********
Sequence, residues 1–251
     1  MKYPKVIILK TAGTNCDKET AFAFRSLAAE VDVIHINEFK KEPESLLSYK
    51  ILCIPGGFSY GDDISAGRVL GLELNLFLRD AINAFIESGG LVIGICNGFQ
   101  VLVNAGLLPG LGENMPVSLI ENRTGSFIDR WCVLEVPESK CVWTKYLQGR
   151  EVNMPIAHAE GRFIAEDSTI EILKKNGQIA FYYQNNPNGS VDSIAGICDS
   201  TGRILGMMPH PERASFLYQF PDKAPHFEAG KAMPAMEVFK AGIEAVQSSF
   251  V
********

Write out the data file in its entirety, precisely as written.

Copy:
Sequence, residues 1–251
     1  MKYPKVIILK TAGTNCDKET AFAFRSLAAE VDVIHINEFK KEPESLLSYK
    51  ILCIPGGFSY GDDISAGRVL GLELNLFLRD AINAFIESGG LVIGICNGFQ
   101  VLVNAGLLPG LGENMPVSLI ENRTGSFIDR WCVLEVPESK CVWTKYLQGR
   151  EVNMPIAHAE GRFIAEDSTI EILKKNGQIA FYYQNNPNGS VDSIAGICDS
   201  TGRILGMMPH PERASFLYQF PDKAPHFEAG KAMPAMEVFK AGIEAVQSSF
   251  V